How Apple’s RealityOne mixed reality headset will work

Apple’s long-awaited $3,000 mixed reality headset will offer a 3D version of iOS, show immersive, interactive video content such as concerts and sports, play games, and enable one-on-one and group FaceTime calling, among countless other uses.

Apple VR/AR headset concept by Antonio DeRosa

Mark Gurman for Bloomberg News:

The eye- and hand-tracking abilities will be a key selling point for the device, which is expected to cost about twice as much as competing devices, according to people familiar with the product. Core features include advanced FaceTime-based video conferencing and meeting rooms.

The headset will also be able to display immersive video content, act as an external display for a connected Mac, and replicate many iPhone and iPad features.
Here’s how it will work: The headset has multiple external cameras that can analyze a user’s hands, as well as sensors within the device’s body to read eyes. This allows the wearer to control the device by looking at an item on the screen – whether it’s a button, an app icon, or a list item – to select it.

Users will then pinch their thumb and forefinger together to activate the task — without having to hold anything. The approach differs from other headsets, which typically rely on hand controls.

The headset features two ultra-high-resolution displays – developed with Sony Group Corp. – Have VR handling and a collection of external cameras to enable an AR “pass through” mode. This means users see the real world through the cameras positioned on the headset. Apple will offer prescription eyewear users custom lenses that sit within the housing itself.

MacDaily News Take: In May 2020, Apple confirmed its acquisition of NextVR, a startup offering sports and other content for virtual reality headsets, which at the time had deals with major sports leagues like the National Basketball Association and entertainment networks like Fox Sports. NextVR technology supports live streaming in virtual reality: think sports, live concerts and more.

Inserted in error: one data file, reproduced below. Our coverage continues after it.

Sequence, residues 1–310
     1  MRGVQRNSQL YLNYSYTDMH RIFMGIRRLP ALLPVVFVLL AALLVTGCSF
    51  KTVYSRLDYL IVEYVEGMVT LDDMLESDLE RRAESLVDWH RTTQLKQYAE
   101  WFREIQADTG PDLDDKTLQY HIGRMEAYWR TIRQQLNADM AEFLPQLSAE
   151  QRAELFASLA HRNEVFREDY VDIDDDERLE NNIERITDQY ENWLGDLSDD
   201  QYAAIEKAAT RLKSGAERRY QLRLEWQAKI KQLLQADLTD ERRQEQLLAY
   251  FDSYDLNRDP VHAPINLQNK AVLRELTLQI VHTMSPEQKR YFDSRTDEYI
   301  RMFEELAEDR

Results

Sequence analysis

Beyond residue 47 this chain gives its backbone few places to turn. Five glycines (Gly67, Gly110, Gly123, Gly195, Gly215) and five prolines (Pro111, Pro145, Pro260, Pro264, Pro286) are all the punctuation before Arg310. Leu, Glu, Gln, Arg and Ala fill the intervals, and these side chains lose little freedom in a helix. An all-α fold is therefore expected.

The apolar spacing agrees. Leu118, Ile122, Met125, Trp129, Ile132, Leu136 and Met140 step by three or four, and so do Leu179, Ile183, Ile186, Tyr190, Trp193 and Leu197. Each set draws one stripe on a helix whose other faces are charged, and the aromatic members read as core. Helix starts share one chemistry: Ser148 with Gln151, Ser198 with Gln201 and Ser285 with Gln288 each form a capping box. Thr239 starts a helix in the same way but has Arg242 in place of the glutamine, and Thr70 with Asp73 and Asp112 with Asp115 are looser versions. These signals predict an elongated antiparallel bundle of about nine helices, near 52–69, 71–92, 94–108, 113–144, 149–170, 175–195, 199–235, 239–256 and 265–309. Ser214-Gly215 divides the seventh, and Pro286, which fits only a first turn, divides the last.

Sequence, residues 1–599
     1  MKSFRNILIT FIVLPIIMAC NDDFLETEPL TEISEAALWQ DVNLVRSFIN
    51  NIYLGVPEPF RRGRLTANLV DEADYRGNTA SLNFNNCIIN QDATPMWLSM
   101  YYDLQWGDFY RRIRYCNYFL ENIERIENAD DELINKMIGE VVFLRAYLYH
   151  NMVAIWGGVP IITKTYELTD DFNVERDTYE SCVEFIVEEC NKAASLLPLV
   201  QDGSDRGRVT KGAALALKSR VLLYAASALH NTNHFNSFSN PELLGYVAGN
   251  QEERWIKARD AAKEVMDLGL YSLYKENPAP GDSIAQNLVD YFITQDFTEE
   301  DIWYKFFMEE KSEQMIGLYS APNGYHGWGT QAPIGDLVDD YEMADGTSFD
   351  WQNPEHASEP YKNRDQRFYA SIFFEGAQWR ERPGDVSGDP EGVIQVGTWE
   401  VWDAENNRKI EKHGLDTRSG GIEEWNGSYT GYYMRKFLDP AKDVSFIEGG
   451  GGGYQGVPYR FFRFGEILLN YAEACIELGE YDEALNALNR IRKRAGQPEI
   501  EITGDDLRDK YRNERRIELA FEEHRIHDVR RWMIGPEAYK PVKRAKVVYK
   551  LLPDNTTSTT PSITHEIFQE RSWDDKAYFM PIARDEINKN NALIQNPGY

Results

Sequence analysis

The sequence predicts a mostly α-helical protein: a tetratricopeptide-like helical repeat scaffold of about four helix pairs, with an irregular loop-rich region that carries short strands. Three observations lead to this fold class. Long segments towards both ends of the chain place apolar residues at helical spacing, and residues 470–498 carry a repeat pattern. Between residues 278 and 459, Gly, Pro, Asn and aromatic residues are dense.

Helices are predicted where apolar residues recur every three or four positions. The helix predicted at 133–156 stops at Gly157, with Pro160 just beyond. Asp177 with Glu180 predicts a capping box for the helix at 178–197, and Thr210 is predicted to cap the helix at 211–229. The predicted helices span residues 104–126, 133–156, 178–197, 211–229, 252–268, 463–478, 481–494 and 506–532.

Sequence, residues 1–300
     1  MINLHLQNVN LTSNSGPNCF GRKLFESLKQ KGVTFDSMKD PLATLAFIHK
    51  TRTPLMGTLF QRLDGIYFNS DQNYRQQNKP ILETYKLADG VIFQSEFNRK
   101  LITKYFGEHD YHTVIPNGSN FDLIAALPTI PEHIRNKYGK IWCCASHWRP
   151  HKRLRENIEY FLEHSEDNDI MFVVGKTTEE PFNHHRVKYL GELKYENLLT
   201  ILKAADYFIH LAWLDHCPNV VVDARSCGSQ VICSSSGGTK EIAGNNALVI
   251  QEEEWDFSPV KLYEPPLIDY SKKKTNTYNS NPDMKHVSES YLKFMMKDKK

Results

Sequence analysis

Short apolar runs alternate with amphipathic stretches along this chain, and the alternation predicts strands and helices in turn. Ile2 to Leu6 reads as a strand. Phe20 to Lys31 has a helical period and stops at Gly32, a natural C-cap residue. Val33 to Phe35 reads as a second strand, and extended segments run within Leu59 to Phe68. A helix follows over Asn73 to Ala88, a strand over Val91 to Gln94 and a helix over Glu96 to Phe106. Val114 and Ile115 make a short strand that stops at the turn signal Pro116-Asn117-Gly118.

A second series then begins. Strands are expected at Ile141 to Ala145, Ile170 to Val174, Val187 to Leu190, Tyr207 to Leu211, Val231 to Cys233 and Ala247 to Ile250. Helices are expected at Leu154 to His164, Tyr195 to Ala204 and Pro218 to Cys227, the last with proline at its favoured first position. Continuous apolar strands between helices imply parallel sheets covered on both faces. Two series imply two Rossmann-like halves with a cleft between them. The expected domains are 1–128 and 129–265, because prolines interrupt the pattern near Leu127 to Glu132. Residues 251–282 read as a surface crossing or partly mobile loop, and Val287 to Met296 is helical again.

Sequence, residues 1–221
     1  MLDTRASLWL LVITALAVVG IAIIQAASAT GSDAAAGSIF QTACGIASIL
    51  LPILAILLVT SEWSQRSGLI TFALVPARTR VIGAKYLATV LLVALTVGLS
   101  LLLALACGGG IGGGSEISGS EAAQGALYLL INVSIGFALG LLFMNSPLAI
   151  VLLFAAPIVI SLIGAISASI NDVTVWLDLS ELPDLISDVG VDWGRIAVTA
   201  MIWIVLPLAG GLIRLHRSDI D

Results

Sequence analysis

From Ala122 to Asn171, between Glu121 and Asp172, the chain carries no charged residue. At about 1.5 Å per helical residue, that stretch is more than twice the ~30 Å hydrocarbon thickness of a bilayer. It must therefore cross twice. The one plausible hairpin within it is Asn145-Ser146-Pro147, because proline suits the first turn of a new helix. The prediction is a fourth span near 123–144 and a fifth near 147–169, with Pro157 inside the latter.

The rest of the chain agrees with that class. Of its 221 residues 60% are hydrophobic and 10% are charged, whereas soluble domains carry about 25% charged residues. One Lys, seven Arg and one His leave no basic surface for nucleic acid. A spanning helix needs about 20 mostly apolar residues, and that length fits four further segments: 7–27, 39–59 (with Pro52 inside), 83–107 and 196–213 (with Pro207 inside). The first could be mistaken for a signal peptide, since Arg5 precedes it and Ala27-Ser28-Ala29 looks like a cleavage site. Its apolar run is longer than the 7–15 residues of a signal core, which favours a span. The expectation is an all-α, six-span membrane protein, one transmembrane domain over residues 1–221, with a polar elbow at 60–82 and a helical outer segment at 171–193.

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Gurman further:

The device will also have productivity features, including the ability to serve as an external monitor for a Mac. With this feature, users can see their Mac’s display in virtual reality, but still control the computer with their trackpad or mouse and physical keyboard.

The headset’s operating system, called xrOS internally, will have many of the same features as an iPhone and iPad, but in a 3D environment. This includes the Safari web browser, Photos, Mail, Messages, and the Calendar app. And there will also be apps for the company’s services, such as the App Store to install third-party software, Apple TV+, music and podcasts. The company is also working on health tracking features.

MacDaily News Take: VR is pretty self-explanatory. They immerse themselves in games, personal computing, and other content. Speaking of AR:

The problem with AR right now is the delivery devices. iPhone and iPad are subpar AR delivery devices. We need lightweight, stylish eyewear that just works. Then AR development will take off and AR killer apps will be born.

For example, as trite as it may be, you want to fix a leaking shower without calling a plumber. Today you need to use your iPad, iPhone or MacBook to watch and follow a video to see how to pull out the old shower valve cartridge and install a replacement. Imagine having that information right in front of your eyes as you work. Pause when you say “pause” and inform when you say “next step.” Now you’re basically extrapolating that experience everything. – MacDaily News, May 15, 2020

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